We wrote a couple of tunes together and we used to drive around LA, him flicking between a hundred and one myriad personalities and characters: a genius, a sage man and everything in between. My own need to communicate necessitated me writing and singing. I was never a singer of the quality of these guys but somehow it felt like I had to try, to learn, to grow, to heal, and that somehow my innocence and naivety (and absurdism) fitted my music more, so I continued on my own path.
Ultimately this has given me a more complete understanding of and ability to produce songwriters.
4. Noel Gallagher
We spent two years working on what was supposed to be the solo album with Noel. I could — and probably will — write a book about those two years. The sheer scale of the creative process we embarked on, coupled with the covert goings-on which ultimately led to its destiny as a “lost album” are mind-blowing to this day, but at least makes for a truly great rock ‘n’ roll story.
He still fascinates me. He’s a great untapped source. The only thing holding him back is himself. He constantly talks about how he’s “long accepted his limitations” but I don’t really believe that. Go and listen to The Right Stuff and Shoot a Hole Into The Sun, both co-written and produced with us. Although it’s not the best material we worked on together, in my opinion, they prove quite clearly that when he lets his hair down he can write in a completely different way. If he placed more faith and trust in himself, Noel could reap magic.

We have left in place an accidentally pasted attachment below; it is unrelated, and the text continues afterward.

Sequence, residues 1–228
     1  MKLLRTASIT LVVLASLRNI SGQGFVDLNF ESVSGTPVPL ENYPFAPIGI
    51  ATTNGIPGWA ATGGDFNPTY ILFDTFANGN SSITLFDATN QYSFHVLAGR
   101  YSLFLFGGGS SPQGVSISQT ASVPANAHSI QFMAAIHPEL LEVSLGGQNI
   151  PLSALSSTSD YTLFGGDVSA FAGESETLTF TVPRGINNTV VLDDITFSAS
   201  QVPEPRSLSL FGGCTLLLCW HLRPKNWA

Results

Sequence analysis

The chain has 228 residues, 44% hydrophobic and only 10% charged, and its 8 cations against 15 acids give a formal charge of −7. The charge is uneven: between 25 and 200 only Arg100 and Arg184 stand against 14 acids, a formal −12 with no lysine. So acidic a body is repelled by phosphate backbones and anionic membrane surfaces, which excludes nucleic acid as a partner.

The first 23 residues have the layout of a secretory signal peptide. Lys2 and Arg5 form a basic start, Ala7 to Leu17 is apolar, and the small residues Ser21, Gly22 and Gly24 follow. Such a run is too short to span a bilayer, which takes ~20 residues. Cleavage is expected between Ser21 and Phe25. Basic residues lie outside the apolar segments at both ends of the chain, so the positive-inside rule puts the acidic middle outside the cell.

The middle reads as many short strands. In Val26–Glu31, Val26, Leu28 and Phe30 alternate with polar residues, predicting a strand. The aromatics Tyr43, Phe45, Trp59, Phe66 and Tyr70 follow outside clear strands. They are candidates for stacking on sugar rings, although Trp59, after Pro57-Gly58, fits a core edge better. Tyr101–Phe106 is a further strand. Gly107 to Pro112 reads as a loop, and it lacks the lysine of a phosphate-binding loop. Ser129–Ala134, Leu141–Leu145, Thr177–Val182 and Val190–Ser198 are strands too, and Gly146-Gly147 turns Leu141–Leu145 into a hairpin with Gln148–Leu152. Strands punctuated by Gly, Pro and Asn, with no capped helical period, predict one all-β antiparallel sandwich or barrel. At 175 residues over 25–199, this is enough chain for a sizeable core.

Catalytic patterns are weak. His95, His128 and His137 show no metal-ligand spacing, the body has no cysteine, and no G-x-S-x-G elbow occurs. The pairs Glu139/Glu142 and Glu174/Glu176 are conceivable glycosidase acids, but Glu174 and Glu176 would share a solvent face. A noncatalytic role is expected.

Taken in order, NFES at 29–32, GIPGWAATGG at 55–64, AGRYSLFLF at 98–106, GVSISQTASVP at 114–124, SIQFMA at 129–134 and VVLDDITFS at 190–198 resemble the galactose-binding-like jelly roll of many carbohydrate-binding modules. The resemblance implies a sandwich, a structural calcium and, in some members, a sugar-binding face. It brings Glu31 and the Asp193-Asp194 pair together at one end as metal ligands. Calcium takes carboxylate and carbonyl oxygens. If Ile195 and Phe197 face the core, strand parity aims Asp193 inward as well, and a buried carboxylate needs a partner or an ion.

I never had any doubt, simply because he’s a lot more talented than I, and I’ve never stopped having fun and exploring my own limited talents. At the end of the day, I always want people to be the best possible version of themselves and try and encourage that expansion.
Listen: Noel Gallagher’s High Flying Birds – Shoot A Hole Into The Sun
5. Paul Weller
I don’t think he needs any introduction as the singer in The Jam and The Style Council, does he? We wrote seven tracks with him a couple of years ago and the guy is a musical whirlwind, which is definitely our kind of collaboration. Jumping from instrument to instrument, laying down a maelstrom of ideas, formulating lyrics on the spot.
We’re still grappling with the scale of what we did during those sessions. One co-written track White Sky kicks off Paul’s new album Saturn’s Pattern, but there’s a couple of other mind-blowing tracks that we have huge love and dedication for. We can’t wait to one day finalize these with him.
Listen: Paul Weller – White Sky
6. Baluji Shrivastev
A revered Indian classical musician with whom I travelled around India, and who has expanded the sonic universe of the Amorphous Androgynous with sitar/dilruba/tablas and even penny whistle. Another musician who, despite a lifetime of learning and discipline, is still open-hearted and ope-minded enough to adapt his great skills to my innocent, absurdist songwriting. We’re indebted to him. He plays sitar and the intro penny whistle and tablas on The Isness‘ Divinity (below).
Listen: Amorphous Androgynous – Divinity
‘A Monstrous Psychedelic Bubble (Exploding In Your Mind) – The Wizards of Oz’ is available now on CD and Digital with an exclusive Record Store Day double vinyl edition out 18th April.